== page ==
It’s not news that any business that doesn’t take advantage of social media is severely missing out.  You can post on Pinterest, Twitter or any other social media site, but how do you get people to listen?  I recently came across an article that discusses what you social medianeed to get more mentions on social media.  There was a report published that analyzed one billion public company mentions, delivered to more than 200,000 clients across 145 countries from forums, news sites, Twitter, Facebook and even the deep web, coming from a wide range of industries.  Through this, there are four main tips.

Firstly, it’s important to know when you should be communicating.  Thursday typically sees the most company mentions (15.78%), closely followed by Tuesday (15.68%) and Wednesday (15.52%).  At 12.22% and 11.36% respectively, Saturday and Sunday had the lowest number of company mentions, which could present a great opportunity, considering that most companies don’t have a plan in place for social networks and other platforms over the weekend.  Therefore, you might want to plan ahead and develop a content strategy for sourcing and scheduling content throughout the workweek that will then be posted on Saturday and Sunday.  Since Thursday is the most crowded day when it comes to brands and companies being mentioned, don’t focus too much effort on a day when it’s hardest to be heard above the noise.

Generally, less than 10% your users have more than 500 followers.  The other 90% or so mentions could be coming from people with a smaller reach, but they’re still far in the majority and a powerful force of 1-to-1 connections.  If you simply answer a tweet in less than an hour (not just to tweets directed at you but tweets about your product), this could prompt people to tweet about your level of service and your product.  Speed, relevancy and charm could help make your product with a decent word-of-mouth viral.  Not only will the person who mentioned you appreciate the effort, but so will everybody else who finds out.

Twitter currently dominates with over 66% of all mentions relating to brands and their content, but that’s a good reason to develop a clear focus that includes other networks.  Indeed, each platform has its own strengths and weaknesses.  If you want to reach an audience that most people are overlooking, then you should combine services and create several slightly different brand voices for each one.  For instance, Instagram posts tend to be viewed and liked way more than Facebook posts.  By constantly posting and analyzing the results of emerging channels, you can identify opportunities like that one and take advantage of them.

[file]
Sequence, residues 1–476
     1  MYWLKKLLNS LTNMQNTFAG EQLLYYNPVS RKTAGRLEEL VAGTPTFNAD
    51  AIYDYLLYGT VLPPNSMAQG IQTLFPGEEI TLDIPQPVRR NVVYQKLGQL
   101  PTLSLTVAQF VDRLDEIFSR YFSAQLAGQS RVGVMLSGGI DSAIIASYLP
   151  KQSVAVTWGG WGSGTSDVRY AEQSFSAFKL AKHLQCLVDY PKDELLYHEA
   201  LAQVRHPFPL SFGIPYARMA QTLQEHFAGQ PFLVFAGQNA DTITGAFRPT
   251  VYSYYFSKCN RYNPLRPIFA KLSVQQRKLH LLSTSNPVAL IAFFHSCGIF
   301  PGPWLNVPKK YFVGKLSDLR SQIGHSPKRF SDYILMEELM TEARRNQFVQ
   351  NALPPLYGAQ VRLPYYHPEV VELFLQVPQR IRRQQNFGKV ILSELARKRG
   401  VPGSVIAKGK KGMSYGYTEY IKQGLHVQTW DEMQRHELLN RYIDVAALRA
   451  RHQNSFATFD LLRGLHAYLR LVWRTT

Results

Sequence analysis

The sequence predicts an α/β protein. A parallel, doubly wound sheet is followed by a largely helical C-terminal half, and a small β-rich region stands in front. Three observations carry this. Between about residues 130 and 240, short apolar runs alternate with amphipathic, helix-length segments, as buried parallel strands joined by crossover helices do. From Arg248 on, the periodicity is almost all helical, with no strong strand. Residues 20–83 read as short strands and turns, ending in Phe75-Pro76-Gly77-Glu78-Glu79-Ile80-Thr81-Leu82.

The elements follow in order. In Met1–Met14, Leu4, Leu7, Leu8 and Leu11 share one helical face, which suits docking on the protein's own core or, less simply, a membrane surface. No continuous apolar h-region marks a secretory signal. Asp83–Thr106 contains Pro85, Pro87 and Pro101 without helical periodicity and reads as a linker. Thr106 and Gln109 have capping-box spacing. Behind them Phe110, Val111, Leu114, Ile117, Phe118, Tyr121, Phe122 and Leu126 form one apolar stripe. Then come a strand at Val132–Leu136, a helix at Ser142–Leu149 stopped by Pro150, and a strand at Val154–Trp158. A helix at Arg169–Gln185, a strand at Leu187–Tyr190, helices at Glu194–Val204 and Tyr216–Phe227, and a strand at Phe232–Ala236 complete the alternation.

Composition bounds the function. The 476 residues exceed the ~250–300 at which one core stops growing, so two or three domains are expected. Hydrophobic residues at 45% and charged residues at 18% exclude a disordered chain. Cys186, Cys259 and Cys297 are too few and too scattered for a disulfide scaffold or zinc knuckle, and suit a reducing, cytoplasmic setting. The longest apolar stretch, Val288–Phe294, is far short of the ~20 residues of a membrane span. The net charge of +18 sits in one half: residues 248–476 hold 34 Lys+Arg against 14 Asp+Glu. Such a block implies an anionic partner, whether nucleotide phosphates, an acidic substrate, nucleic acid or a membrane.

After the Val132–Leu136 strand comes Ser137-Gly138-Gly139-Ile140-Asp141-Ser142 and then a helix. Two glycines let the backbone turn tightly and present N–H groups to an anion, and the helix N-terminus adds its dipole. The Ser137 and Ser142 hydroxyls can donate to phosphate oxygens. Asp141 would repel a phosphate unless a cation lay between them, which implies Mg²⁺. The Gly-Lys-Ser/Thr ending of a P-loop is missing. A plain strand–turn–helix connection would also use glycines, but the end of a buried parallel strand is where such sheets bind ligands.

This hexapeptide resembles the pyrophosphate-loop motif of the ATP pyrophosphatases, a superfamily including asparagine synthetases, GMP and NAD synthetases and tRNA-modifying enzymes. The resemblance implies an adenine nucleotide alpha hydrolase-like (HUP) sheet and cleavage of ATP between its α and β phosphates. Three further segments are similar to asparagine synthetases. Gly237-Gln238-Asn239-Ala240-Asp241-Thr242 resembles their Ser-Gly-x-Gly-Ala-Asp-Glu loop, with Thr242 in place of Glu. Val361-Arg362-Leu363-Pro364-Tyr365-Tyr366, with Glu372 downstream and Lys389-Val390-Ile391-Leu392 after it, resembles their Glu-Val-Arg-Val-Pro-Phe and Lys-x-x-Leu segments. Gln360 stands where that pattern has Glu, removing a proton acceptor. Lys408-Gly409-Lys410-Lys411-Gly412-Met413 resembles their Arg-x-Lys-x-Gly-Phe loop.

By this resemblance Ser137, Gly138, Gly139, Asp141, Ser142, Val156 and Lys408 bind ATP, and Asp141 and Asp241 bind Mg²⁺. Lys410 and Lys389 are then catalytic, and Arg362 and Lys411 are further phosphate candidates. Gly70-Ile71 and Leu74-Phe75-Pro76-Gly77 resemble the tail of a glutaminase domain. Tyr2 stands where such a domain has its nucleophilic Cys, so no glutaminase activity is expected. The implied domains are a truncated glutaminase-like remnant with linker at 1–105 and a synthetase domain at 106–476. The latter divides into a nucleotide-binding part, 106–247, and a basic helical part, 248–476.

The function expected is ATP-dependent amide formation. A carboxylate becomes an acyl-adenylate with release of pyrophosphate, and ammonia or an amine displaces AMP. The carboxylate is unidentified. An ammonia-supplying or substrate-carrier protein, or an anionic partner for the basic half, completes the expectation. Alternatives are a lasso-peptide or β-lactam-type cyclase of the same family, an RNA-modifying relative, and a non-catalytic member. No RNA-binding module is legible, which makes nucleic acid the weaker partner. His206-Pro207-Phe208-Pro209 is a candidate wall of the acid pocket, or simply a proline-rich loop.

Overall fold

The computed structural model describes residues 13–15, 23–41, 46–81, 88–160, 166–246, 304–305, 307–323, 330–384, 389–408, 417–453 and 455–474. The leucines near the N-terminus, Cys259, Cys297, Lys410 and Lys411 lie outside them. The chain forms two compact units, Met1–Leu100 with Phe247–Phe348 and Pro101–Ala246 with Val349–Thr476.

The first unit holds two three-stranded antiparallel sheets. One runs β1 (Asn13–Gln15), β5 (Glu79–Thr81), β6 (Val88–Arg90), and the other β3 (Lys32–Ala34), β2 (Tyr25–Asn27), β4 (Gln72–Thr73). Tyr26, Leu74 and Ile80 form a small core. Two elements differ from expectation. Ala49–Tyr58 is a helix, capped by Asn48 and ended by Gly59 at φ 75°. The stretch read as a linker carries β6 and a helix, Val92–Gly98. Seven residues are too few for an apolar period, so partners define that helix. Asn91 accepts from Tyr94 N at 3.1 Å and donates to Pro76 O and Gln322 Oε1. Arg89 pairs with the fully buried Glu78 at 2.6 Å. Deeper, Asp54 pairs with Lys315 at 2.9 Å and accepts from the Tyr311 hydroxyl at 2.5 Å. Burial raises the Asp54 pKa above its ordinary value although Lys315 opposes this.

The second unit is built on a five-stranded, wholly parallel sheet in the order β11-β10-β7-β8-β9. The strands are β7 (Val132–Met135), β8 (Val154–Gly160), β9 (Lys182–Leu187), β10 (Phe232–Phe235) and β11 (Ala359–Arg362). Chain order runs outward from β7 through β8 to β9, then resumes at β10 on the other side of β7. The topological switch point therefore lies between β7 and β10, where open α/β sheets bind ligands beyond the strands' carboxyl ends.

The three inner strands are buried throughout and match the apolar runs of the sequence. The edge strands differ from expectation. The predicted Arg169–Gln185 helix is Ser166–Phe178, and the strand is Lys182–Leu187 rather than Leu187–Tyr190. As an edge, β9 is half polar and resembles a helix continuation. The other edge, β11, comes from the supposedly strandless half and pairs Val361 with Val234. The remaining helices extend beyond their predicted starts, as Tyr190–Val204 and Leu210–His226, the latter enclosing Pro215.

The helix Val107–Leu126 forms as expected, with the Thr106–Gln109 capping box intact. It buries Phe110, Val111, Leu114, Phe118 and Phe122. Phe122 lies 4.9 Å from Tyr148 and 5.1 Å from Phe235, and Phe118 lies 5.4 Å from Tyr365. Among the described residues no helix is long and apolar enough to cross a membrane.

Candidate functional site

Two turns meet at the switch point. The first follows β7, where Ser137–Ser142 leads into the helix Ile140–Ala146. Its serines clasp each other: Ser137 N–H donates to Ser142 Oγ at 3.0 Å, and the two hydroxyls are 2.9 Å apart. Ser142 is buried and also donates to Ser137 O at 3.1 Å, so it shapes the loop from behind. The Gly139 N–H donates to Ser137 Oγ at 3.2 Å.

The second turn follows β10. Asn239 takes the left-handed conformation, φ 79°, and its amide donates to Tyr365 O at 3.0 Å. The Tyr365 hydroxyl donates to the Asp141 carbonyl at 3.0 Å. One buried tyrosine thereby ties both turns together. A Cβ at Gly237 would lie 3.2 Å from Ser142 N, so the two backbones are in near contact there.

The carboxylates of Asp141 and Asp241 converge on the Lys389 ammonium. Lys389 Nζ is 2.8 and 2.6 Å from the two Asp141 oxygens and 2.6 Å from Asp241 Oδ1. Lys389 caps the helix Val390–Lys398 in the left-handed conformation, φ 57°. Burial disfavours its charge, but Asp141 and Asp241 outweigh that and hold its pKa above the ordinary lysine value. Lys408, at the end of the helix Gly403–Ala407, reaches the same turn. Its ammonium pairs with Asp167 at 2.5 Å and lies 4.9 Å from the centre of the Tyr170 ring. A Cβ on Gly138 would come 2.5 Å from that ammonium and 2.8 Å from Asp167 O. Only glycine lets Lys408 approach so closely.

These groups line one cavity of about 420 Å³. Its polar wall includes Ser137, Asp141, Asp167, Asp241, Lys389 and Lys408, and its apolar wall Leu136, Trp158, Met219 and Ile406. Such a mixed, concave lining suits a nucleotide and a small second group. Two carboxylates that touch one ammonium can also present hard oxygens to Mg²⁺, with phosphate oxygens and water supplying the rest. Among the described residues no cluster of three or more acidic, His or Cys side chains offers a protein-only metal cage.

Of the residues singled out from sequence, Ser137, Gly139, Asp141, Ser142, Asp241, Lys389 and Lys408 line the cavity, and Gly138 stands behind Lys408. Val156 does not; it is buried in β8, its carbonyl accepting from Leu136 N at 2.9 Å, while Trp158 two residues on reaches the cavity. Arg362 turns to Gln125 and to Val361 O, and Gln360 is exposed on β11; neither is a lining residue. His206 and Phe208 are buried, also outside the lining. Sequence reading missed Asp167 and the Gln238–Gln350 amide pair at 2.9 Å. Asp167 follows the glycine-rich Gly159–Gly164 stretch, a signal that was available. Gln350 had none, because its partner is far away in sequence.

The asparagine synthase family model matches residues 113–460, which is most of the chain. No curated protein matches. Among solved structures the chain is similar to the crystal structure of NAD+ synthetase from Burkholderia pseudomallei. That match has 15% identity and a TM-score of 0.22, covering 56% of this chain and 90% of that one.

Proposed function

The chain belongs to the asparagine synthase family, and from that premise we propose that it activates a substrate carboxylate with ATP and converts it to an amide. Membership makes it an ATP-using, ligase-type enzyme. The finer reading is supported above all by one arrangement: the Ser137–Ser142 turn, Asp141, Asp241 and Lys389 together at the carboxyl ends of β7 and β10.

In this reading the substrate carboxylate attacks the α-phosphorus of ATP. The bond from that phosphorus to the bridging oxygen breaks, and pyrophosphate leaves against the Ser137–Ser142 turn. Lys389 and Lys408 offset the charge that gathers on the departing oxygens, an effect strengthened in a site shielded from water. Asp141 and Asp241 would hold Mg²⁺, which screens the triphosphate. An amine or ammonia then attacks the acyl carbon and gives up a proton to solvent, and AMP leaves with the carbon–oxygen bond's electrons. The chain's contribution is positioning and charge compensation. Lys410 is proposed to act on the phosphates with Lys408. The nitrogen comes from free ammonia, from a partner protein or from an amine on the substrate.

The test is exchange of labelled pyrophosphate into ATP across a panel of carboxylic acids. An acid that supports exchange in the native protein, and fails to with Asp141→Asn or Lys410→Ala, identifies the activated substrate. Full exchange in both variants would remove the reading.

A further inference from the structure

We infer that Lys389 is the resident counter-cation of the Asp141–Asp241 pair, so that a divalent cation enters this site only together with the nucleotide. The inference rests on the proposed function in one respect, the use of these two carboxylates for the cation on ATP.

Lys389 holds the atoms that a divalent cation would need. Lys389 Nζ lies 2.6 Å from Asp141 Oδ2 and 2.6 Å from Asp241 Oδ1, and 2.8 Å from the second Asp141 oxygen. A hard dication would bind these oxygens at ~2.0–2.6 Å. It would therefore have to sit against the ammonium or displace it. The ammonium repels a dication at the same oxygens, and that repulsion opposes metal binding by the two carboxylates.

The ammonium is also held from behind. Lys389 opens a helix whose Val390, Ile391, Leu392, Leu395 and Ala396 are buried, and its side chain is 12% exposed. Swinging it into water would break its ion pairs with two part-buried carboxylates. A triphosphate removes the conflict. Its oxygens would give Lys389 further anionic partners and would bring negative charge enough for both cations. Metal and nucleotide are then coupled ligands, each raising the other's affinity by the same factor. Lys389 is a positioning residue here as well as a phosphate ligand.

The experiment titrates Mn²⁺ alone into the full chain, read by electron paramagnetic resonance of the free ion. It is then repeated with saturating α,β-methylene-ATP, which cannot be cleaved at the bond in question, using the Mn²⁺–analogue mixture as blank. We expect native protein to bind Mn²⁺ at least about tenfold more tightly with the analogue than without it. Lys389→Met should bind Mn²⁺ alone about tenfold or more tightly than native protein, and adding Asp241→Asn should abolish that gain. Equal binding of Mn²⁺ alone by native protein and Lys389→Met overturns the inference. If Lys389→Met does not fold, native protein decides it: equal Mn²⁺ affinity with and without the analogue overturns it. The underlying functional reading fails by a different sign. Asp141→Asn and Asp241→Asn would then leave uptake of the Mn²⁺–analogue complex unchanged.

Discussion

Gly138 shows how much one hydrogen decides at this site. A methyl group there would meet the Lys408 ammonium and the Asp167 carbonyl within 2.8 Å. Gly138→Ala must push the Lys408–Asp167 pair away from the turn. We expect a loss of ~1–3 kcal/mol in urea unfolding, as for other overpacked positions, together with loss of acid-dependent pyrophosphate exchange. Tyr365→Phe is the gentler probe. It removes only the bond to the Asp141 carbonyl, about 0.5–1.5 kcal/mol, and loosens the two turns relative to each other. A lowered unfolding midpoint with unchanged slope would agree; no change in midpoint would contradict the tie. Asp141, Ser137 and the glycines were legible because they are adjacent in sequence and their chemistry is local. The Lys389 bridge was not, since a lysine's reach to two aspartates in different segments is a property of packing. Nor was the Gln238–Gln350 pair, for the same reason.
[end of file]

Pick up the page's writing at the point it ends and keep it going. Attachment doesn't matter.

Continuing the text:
It’s true that a solid majority (just under ⅔) of company mentions are in English, there’s still a good percentage of them occurring in other languages.  As the world gets smaller and smaller, a lot of people work and interact online in several different languages, sometimes all at once.  Never underestimate the importance of non-English mentions, particularly when it comes to your ROI.  You need to have a strategy for multilingual references to your brand on the web.  Even if you just send a “thank you” to anybody who mentions you, it can go a long way toward building the impression that your company is always around, and cares about its customers.  This is a great image to nurture at the core of your company’s culture.

Of course, improving online communications is a work in progress.  You’ll always learn more when you have the right data.  By simply putting in place the right strategy that fits with your users, and analyzing where they’re mentioning you the most, then you can quickly generate an important return on investment.